As one of the few repair shops in Rainy River District, Kupila's Sound Centre in Devlin has become a trusted name in electronics with continued success as it celebrates its 20th anniversary.
Miles Kupila started the business officially in 1997 but the 57-year-old said he has been repairing TVs since he was just 13.
From there, he began working in a few repair shops around the area until 20 years ago, when he decided to leave his job and start his own business.
“One of the things I brag about is that we started the business with basically just the thought, the dream, and a credit card,” Kupila told the Times last week.
Now the small green shop next to his home on Highway 11 hosts a number of repair projects, various parts and products, and a steady stream of customers looking for help.
“It's been a lot of long hours,” Kupila admitted.
“When a person says, 'You own your business and you can call your own hours,' it's more like, 'What time of night do you shut the lights off and go to bed?'” he explained.
But Kupila said he doesn't regret starting his own business, and still enjoys the work and the wide clientele he has seen over the years.
“You put a stereo in the parents' car, then all of a sudden you find out they are grandparents and now you see the grandson showing up and we're putting a stereo in his car,” Kupila noted.
“It makes a person feel old some days but still, it's kind of neat.”
In a business that has him working on something different every day, one of the highlights for Kupila was just last year when he was able to work on a DeLorean-a dream project of his since he first sat in one in Toronto during a fabrication course in the 1980s.
Kupila said he got the call from a man across the river with a “unique car” and said a few people had given him Kupila's name.
“When he said it was a 1981 DeLorean, I said it was not a problem because I knew the car,” he recalled.
Something that has changed drastically for Kupila has been the TV repair side of things, which has become mostly circuit board changes in the new flatscreens as the technology becomes more sophisticated.
However, he said it's become more difficult to figure out which board to change because many problems give the same symptoms.
“So now it's technically easier to repair but mentally thinking through the process is harder,” he remarked.
Kupila also works on communications equipment, car stereos, and remote start and navigation unit installations, as well as sound systems for arenas, gyms, halls, funeral homes, and just recently, the grandstand at the Emo fairgrounds.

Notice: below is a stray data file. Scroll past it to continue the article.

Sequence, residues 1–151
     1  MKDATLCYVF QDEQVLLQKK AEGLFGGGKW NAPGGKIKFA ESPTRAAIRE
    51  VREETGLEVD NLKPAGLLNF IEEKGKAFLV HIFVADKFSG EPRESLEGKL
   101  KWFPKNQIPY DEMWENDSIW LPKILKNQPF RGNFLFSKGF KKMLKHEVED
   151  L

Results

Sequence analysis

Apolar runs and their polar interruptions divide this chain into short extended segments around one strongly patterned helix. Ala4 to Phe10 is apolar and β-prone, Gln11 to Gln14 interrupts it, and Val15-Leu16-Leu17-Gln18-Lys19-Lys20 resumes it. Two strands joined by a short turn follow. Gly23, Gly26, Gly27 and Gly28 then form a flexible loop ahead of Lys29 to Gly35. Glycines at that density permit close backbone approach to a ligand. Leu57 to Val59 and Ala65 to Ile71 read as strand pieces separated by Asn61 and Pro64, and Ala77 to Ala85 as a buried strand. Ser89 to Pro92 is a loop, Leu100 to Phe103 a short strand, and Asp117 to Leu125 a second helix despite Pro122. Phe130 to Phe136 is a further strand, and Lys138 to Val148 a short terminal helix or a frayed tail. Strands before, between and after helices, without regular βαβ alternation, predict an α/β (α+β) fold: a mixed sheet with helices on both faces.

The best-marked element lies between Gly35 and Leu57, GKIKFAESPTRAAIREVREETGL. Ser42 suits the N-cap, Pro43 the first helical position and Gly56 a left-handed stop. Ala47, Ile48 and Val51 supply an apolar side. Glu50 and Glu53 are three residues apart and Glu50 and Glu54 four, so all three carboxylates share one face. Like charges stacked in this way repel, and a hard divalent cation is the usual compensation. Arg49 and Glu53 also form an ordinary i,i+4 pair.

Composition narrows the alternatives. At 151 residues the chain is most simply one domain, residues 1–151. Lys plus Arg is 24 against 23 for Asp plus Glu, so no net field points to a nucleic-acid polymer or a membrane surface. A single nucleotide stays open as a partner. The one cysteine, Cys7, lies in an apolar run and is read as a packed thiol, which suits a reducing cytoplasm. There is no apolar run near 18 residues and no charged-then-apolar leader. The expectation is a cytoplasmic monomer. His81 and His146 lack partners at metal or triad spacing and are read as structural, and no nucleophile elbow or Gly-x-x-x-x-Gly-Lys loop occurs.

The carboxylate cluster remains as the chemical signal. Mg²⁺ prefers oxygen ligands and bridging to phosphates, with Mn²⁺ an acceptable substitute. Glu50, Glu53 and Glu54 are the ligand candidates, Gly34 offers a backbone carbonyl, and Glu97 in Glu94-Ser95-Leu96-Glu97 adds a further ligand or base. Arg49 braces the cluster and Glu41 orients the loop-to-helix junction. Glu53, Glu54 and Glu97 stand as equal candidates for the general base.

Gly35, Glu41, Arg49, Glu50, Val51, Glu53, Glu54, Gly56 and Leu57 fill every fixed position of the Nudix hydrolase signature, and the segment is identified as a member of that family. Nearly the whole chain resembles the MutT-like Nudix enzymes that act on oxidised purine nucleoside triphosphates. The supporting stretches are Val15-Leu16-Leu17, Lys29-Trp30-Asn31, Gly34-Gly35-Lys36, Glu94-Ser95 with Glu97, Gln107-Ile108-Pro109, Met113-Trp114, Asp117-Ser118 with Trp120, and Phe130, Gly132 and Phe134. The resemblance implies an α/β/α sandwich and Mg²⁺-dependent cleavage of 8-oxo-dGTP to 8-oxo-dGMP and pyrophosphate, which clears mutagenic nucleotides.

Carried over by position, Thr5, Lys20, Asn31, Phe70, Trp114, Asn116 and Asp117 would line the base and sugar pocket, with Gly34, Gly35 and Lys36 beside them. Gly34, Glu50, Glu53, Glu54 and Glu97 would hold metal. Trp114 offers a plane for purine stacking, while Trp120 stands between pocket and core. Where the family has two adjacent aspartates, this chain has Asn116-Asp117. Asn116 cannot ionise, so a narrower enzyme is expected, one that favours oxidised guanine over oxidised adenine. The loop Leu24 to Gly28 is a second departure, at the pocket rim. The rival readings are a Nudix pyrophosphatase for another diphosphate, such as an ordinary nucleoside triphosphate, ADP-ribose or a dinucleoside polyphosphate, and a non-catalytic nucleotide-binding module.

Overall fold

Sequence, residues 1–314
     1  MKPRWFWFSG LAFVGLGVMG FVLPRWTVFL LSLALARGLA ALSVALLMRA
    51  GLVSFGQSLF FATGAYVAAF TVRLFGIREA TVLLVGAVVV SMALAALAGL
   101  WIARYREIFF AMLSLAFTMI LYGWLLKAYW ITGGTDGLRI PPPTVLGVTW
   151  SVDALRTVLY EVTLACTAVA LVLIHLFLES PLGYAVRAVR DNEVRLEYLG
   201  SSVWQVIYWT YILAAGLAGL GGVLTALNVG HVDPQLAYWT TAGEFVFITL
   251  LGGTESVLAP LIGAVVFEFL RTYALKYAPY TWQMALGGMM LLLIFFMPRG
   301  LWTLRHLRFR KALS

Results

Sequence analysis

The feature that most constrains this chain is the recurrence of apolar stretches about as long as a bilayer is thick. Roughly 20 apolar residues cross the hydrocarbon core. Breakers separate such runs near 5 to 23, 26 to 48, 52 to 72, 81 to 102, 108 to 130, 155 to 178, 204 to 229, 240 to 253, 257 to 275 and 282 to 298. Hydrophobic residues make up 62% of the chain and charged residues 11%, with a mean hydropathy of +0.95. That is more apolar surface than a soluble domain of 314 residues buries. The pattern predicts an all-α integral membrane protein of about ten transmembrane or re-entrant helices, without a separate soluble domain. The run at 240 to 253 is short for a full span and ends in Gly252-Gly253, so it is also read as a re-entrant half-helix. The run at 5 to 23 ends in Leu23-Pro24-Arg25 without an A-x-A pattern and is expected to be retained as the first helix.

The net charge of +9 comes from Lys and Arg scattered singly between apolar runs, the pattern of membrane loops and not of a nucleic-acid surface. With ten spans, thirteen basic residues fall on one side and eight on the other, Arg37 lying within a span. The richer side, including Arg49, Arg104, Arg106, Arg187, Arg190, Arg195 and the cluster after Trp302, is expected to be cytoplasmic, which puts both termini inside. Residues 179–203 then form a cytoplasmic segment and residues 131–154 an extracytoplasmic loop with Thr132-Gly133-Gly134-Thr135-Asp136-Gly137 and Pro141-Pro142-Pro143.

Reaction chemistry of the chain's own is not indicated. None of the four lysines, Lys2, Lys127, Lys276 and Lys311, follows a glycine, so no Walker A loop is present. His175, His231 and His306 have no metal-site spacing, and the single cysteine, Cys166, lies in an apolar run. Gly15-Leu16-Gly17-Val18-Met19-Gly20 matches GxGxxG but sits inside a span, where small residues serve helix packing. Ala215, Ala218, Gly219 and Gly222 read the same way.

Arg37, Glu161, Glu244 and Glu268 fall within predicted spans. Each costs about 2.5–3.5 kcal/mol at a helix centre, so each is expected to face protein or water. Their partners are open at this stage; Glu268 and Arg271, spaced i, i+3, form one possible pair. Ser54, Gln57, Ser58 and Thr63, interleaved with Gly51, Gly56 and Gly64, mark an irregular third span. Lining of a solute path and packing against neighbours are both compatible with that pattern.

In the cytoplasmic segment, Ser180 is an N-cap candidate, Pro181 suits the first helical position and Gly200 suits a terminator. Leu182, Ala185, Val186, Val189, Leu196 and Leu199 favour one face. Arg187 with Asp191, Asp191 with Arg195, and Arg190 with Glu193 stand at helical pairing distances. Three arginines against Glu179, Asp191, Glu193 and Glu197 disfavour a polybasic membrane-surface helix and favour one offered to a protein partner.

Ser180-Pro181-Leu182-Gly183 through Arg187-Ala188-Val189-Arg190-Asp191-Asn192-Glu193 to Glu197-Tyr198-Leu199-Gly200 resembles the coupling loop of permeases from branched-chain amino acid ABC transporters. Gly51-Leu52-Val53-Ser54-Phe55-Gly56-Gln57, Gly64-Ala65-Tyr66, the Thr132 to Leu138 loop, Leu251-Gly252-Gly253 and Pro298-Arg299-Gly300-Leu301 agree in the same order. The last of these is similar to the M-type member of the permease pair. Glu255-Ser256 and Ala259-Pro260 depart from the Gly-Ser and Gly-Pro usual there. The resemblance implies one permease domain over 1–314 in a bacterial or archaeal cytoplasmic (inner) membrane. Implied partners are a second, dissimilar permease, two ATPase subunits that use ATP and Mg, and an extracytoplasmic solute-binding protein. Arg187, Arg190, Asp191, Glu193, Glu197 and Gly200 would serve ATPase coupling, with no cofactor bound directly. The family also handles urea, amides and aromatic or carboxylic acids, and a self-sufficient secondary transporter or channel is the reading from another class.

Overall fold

“It's a fast-paced business jumping from programing a radio one minute to the next minute repairing a car to the next minute looking at a TV,” Kupila said.
He noted he's had other people working for him over the years, and will hire others to help on big jobs. But for the most part, it is just him running the business.
Kupila added he has the licence to train other technicians, but the nature of the work makes it very difficult.
“I've had a couple of people say, 'No, I can't think, I can't be jumping around like this, it isn't right,'” he admitted.
Despite that difficulty, however, Kupila actually has found it easier over the years to stay trained and aware of the latest technologies by making connections on the Internet.
“Back in the old day, we used to jump in the car and travel to the cities and sit in training courses for days,” he recalled.
“Now you grab your cup of coffee, sit down in front of your computer screen with about 60 other people in a live chat room, and do online courses.”
According to Kupila, if a company makes a mistake, the technicians will know right away when they take these courses.
Then if they can't figure out a counter-measure to do in their shops, they know the parts to fix the problem already are being sent out.
“It's better than you sitting there scratching your head until you call someone and they say they also think there is a problem,” he reasoned.
“Now we know very quickly.”
Overall, Kupila said he still enjoys working, solving problems, and running his own business.
And after joking about the “rough commute” (walking from his house to the shop while holding a cup of coffee), Kupila said he does not plan on retiring or closing up the shop anytime soon.